Un canadien errant

Today is once again Dominion Day, as it is no longer called up here in “the True North strong and free” — as it is still called, but with irony. I like to enter my protest annually.

In Toronto this year we now celebrate the “Canada Day” weekend with three big parades: Trans Pride today, the Dyke March tomorrow, and the grand Pride Parade on Sunday. Meanwhile there will be the throb of heavily amplified funk bands, paid for with my taxes; and a Sudanese Rap festival at City Hall. There will be other celebrations of Multiculturalism (any culture that is not natively Canadian). But there is only so much room in my head for what I read on posters.

One recalls the remark of the late immigrant George Jonas, after one publicly-funded multicultural performance: “I left Hungary to escape Communism, but even more to get away from Gipsy Dancing.”

The Canadian folk song, “Un canadien errant” (Ian and Sylvia version, here), was written after a rebellion in Lower Canada, going on two centuries ago. Some French Canadians found themselves exiled to exotic countries such as Vermont, and Australia. They looked homeward with nostalgia, to the old (very Catholic) Quebec; and recalled the fate, too, of their fellow countrymen banished generations before from Acadia.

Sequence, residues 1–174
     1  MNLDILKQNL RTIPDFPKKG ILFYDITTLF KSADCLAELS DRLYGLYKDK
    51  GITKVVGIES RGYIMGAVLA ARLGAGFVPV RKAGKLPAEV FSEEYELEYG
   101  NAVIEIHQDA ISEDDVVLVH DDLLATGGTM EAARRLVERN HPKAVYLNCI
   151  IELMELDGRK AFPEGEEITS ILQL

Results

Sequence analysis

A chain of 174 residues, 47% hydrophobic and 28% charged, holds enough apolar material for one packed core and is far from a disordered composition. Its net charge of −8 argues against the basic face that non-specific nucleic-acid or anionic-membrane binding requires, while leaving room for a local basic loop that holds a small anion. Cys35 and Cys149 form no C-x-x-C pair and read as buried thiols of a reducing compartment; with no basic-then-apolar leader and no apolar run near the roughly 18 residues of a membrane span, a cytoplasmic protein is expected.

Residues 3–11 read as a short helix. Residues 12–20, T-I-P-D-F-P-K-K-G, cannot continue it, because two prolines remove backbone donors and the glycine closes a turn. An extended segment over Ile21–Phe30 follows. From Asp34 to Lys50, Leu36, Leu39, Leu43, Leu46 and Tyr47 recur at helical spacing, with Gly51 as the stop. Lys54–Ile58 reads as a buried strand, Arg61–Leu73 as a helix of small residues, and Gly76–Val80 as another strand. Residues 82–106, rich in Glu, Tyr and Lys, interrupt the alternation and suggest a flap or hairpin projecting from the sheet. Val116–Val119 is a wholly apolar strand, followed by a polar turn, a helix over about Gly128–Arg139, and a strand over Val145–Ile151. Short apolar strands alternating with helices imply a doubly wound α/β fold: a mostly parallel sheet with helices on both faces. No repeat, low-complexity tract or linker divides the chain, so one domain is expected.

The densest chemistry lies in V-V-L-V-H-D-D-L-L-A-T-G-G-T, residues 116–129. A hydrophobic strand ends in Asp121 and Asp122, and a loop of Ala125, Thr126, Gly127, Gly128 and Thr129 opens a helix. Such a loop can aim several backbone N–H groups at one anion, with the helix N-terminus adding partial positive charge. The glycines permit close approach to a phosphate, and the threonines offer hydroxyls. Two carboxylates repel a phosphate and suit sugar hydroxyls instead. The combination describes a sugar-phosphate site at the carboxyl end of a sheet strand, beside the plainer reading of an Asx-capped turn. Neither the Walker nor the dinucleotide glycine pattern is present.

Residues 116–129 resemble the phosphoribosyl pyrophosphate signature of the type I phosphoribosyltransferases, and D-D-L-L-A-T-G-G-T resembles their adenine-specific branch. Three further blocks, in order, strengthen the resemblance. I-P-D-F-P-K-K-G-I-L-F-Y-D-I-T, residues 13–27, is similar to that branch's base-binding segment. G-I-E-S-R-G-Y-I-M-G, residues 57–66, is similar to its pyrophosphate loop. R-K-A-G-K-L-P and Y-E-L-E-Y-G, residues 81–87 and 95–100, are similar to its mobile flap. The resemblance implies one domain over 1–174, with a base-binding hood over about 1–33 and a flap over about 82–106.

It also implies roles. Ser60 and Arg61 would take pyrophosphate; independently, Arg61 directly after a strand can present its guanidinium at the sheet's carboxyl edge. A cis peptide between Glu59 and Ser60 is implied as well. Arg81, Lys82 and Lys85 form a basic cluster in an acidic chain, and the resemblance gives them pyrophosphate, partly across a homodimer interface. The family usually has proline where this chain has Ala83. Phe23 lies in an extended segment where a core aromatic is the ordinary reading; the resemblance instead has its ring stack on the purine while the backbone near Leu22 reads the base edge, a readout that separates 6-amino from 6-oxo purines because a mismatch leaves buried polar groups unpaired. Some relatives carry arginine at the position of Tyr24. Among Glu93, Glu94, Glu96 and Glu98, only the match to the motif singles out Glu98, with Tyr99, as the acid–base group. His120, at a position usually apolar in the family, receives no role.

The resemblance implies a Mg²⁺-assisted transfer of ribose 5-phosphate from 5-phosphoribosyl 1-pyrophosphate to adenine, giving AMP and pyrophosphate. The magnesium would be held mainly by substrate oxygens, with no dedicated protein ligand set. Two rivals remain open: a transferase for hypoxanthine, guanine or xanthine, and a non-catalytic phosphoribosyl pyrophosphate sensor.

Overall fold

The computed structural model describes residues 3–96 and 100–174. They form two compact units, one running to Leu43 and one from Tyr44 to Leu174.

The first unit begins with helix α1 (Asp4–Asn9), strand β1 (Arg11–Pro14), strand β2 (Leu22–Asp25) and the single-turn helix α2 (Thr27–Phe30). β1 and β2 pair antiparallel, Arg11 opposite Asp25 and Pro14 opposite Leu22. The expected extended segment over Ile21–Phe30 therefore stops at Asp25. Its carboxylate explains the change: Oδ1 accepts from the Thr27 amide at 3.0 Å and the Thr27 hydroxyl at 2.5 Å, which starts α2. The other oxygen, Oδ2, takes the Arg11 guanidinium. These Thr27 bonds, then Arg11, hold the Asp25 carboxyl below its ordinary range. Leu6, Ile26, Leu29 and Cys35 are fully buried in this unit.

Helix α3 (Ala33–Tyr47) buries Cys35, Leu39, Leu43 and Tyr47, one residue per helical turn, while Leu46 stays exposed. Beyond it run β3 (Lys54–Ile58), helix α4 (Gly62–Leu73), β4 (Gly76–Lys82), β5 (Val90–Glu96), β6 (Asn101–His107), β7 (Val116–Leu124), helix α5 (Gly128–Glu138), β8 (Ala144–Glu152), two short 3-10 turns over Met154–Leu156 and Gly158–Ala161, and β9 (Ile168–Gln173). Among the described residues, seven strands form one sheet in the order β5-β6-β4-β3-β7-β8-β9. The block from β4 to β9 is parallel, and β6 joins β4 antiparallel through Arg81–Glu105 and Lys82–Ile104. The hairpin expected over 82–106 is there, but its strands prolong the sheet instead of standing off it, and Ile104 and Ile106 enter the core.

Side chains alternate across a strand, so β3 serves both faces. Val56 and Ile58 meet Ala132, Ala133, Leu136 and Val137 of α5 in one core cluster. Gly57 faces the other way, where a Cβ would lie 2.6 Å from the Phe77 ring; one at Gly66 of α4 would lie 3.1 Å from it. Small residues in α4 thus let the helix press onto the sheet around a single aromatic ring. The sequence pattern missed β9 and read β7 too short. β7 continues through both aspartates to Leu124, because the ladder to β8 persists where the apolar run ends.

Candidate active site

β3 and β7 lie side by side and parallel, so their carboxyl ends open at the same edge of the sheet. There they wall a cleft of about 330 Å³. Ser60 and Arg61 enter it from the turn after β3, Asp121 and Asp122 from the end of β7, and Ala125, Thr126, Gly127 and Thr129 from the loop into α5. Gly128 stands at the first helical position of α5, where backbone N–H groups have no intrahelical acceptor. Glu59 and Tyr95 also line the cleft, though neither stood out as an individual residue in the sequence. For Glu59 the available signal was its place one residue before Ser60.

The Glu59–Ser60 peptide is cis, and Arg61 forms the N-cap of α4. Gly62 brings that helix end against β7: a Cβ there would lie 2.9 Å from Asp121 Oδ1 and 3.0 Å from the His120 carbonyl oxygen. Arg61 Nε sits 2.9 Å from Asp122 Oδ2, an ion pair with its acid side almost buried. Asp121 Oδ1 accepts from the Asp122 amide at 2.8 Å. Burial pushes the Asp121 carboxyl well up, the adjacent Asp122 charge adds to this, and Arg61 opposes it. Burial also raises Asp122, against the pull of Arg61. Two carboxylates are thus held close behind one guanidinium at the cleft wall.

In fact the older Acadian hymn, still known among the “francophone” survivors in our Canadian Maritimes, is a variation on the eighth-century plainsong of Ave Maris Stella, sung by preference in Latin. (There is a lovely anecdote in some album notes I have somewhere of broadcast types trying to get the choral inhabitants of St-Antoine in New Brunswick to sing it in French for their cameras; and they refused, such was their loyalty to their actual traditions.)

Un canadien errant: we have achieved today a kind of inverted national unity, between French and English, as everyone still attached to that old bag of a country we both called “Canada” — as it was before the Martian invasions of the 1960s — shares in the sense of an internal exile. Wherever we are, we find around us a Canada that does not resemble the one in which we were raised, and with which we were contented.

Next year will be the sesquicentennial of the proclamation of that Fair Dominion, in the British North America Act of 1st July, 1867. That Canada had many flaws and foibles, which we may also recall with a dripping nostalgia. But when asked to stand, she stood. For she had also many virtues, and did not deserve to die.

My thoughts turn also east this morning, to Newfoundland, which lost the “best of its best” in the mud, blood, and futility of the Somme trench offensive, launched one hundred years ago, on 1st July, 1916. Altogether at least 57,000 were killed and maimed, among the British forces who thrust themselves into the German wires; by far their largest bloodletting on a single day, in the course of history so far. So great a stream, that even to criticize the allied generals is pointless. For all Europe had embarked on the ultimate, post-modern, voyage au bout de la nuit.

Un Chrétien errant: from knights-errant, to the most spectacular, heroic, and obscene acts of self-destruction, only modestly echoed in our domestic Canadian experience. It is Friday, now: a day for fasting and atonement; for the observation that we have got what we deserved, or so much less than we deserved, by replacing Christ in our hearts with the vanity of our progressive human wishes.

And farther east, one’s thoughts wander to Heaven’s Gate in Jerusalem Wall.